Those are the type of heaters included in commercial truck APU kits for heating a sleeper cab in winter without running the truck. Just mount the burner unit under the bunk and run a fuel line out to oone of the saddle tanks. They work very well. I had one warm my sleeper compartment in -45f wind chill temps (-25 air temp)
Thats no joke, those Webasto's will cook you out of the truck even when it's -40F actual air temp.
A cheap option for a mains 12V PSU is an old X-Box psu "brick".They output a solid 12V at a power of 135W (higher powers available for the older ones).You just need to remove the end connector & combine the individual wires into +ve and -ve groups and connect the 2 switch wires together so it's always on.
Make sure it's a original had tons of problems with fake PSUs when I played on Xbox Well at least with Xbox 360 ones never had to replace my Xbox One PSU luckily they stopped doing External Power Supplies.
@Electronics Italy what about a ham radio power supply, they convert ac to dc 13.8v, many like the Jetstream brand sold by R and L Electronics you can adjust the voltage.
Any link to what would be needed to run this from a UK outlet ??
Instructions unclear. House is on fire. Very warm.
@Electronics Italy Exactly. ATX PSU is def the best option.
⭐️the only thing I can say is that the one I tested worked very well, I only ever turned it on to heat up my truck, I never kept it running very long because my truck would get too hot...👍
I'm familiar with fully vented kerosene heaters made by Monitor, and there is one unit made by Toyotomi from Japan that uses a laser to itemize the fuel. The unit I had was rated at 1200 btu's and also had one rated at 2400btu's. Very efficient, fully programmable, time to start, day, temperature, and choose one of the 3 heat settings : low mid, high.But the price was about $1,300 for the small unit, and about $2,500 for the large one.I would like to find out more information on this unit you are testing. Alex.
Make sure you mount that 300W metal cage psu into a bigger box for safety. The little plastic cover over the main terminals is not enough. Also due to it having no clamp to hold the cable if anyone tripped over the mains cable the live wires would rip out of the terminal block and then you'd have live wires on the floor. Metal cage power supplies are intended to be mounted in the box of a larger machine which takes care of all that.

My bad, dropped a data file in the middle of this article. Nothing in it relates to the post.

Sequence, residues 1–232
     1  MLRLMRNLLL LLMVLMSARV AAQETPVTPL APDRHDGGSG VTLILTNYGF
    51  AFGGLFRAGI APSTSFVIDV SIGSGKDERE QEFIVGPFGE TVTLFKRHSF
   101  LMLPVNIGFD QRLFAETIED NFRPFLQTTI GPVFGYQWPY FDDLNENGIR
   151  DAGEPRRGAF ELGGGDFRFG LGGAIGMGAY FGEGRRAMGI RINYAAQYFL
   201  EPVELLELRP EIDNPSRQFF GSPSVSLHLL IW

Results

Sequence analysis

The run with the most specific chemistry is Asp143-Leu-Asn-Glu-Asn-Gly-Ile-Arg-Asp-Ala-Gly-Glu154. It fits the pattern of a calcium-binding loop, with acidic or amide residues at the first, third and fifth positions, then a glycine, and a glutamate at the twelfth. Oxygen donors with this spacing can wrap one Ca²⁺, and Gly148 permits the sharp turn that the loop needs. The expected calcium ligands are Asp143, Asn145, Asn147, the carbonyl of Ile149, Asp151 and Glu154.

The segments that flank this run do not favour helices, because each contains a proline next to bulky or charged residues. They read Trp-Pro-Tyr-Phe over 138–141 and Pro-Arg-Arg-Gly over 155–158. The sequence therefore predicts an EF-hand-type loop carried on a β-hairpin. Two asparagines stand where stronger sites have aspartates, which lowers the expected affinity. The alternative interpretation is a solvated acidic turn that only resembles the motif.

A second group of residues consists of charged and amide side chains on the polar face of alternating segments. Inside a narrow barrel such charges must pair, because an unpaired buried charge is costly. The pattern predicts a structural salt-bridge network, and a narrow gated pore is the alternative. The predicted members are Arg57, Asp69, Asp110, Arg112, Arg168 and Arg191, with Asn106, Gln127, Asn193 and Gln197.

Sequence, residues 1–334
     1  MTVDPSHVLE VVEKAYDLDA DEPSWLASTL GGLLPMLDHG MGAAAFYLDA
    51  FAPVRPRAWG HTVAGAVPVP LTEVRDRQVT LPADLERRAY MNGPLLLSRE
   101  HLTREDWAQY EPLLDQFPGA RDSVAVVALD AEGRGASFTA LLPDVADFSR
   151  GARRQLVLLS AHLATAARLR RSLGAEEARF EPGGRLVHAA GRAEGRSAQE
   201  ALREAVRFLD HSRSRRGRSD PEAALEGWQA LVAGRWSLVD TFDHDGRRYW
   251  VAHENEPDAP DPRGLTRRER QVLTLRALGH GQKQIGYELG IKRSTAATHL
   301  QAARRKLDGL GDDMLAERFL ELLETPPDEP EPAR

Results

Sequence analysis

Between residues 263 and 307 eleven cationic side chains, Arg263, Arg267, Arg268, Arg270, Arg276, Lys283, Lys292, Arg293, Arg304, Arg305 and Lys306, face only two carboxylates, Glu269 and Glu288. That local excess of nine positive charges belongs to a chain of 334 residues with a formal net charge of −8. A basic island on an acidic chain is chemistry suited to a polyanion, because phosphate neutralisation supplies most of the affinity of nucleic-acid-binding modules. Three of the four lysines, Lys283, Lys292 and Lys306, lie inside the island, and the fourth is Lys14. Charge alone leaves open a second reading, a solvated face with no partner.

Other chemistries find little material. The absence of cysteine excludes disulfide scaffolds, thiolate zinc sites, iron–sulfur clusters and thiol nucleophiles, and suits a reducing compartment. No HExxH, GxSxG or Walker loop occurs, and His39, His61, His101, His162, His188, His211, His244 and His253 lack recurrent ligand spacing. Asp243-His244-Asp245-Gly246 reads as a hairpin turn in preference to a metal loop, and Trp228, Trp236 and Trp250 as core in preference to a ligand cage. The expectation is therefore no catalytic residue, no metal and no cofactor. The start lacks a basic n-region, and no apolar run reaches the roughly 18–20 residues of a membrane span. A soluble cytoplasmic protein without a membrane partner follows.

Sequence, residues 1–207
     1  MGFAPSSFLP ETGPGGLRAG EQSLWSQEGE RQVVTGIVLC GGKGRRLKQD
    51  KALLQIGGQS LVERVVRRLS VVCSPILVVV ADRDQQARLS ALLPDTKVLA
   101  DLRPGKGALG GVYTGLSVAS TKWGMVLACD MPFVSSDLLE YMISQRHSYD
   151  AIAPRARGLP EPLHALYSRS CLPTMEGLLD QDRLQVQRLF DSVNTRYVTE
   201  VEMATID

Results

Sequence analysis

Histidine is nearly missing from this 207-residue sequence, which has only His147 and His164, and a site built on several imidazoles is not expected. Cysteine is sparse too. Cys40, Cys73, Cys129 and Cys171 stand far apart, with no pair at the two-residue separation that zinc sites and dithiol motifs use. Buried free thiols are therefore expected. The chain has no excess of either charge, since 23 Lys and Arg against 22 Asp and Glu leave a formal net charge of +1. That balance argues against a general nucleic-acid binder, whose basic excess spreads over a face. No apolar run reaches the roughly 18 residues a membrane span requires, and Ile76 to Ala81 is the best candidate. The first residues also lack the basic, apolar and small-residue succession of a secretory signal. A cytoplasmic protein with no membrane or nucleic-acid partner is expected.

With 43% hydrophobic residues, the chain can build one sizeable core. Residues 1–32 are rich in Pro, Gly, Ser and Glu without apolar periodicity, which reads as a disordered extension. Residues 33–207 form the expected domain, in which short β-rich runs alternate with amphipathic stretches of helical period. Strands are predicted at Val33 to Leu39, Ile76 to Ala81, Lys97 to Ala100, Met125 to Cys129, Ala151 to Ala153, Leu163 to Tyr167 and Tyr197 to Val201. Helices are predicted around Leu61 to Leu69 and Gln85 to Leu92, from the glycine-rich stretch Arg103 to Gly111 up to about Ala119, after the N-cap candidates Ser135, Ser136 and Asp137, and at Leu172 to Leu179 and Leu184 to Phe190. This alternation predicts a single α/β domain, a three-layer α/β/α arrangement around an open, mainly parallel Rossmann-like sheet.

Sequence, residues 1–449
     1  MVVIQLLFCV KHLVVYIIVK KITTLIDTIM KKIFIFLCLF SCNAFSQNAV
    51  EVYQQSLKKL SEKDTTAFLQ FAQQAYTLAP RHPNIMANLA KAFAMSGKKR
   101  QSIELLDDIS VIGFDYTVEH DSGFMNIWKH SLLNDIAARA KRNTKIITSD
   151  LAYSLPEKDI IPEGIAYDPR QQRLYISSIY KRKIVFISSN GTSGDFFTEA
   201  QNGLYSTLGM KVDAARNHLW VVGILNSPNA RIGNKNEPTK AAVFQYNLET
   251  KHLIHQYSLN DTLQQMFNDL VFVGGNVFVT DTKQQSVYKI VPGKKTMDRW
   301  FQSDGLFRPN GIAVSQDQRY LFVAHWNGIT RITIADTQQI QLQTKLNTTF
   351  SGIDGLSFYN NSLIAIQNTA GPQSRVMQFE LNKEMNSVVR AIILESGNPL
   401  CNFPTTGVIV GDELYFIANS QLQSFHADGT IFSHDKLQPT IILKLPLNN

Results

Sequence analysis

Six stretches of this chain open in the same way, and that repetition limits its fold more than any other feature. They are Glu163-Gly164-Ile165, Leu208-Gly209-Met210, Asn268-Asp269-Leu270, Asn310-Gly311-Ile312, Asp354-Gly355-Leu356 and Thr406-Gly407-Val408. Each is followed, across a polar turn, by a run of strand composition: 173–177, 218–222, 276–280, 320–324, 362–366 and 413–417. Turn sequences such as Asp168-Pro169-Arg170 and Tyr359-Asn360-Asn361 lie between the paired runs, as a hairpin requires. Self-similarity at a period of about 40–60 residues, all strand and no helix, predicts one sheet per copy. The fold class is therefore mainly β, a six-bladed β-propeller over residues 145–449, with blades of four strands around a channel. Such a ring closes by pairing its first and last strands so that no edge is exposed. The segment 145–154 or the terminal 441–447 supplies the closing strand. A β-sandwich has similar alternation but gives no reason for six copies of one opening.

Sent the unit for you to review and then hiked the prices on Amazon. Amazing 👏🏻
Fitted one to my house ! There was an 8" extractor fan in the kitchen I could temporarily remove to fit two 4" pipes through to the inside of the house, the heater itself is mounted on the outside which is under cover from a canopy we have at the back. Have it on setting number 4 but sometimes as low as 2 with the fan speed increased. Powered using a 12v car battery topped up regularly with a small 3 stage charger. It will run on battery for around 7-10 hours but it does use a fair few amps when the glow plug is lit on startup, after that it doesn't pull much at all...Downstairs gets toasty in no time but takes about an hour or so before you can feel the heat upstairs. Came with 10ltr tank and having to use normal diesel but I do get about a week out of it for an average of 5-6 hours a night.... Usually pay £15-£18 to refill every week depending how much is left in the tank.I will do a video if anyone interested....
@Matty T I have a video of it running chclip.net/video/3fNmUDPsalM/video.html
@Andy Wells chclip.net/video/3fNmUDPsalM/video.html
@ᴡᴏʀʟᴅ ᴇxᴛᴇʀᴍɪɴᴀᴛɪᴏɴ ꜰᴏʀᴜᴍ chclip.net/video/3fNmUDPsalM/video.html
@Matty T Yes I have just made a short video showing it working. chclip.net/video/3fNmUDPsalM/video.html
@cornishcat11 Is Solenoid the word you're looking for?
I've been thinking about using my wood stove to generate electricity. I was going to create a fan on the chimney so the exhaust smoke spins it. I'm sure I seen a video where kids actually made one. Be interesting to see you do it
Would have been wonderful if it generated 8KW electricity (for power outages) and use engine heat to warm up the area. Dual use. I would buy one in an instant. That thing is LOUD!
Now that is how you do a review. Just stumbled upon this channel and instantly love it.
The camper and caravan version I used and have installed in numerous vans is a Thermomate 12v 5kw Diesel Air Heater and it can get boiling very quickly in an average household room space. It is also a smaller unit for tighter spaces.
for a neater exhaust exit you can use a boat thru hull exhaust , quite cheap and looks like a pro install. Mine i also wrapped the exhaust pipe with car manifold wrap to prevent burns.
Also, how you can boost up your efficiency is a lot of people do it have your exhaust go through a radiator and then put a fan on that radiator cause the exhaust fumes are hot so you can boost up the fish and sea of that thing and use less fuel. You can cut the fuel in half.
I was wondering, with the amount of heat coming off of the exhaust if you could pump that through a heat exchanger before pumping it outside. If you could how much of a difference would that make in heating a home or shop? In the old days with wood burning stoves, they used to run the exhaust through a metal pipe on the ceiling the length of the room or house before it left out a chimney. Would there be any benefit of having a longer exhaust inside?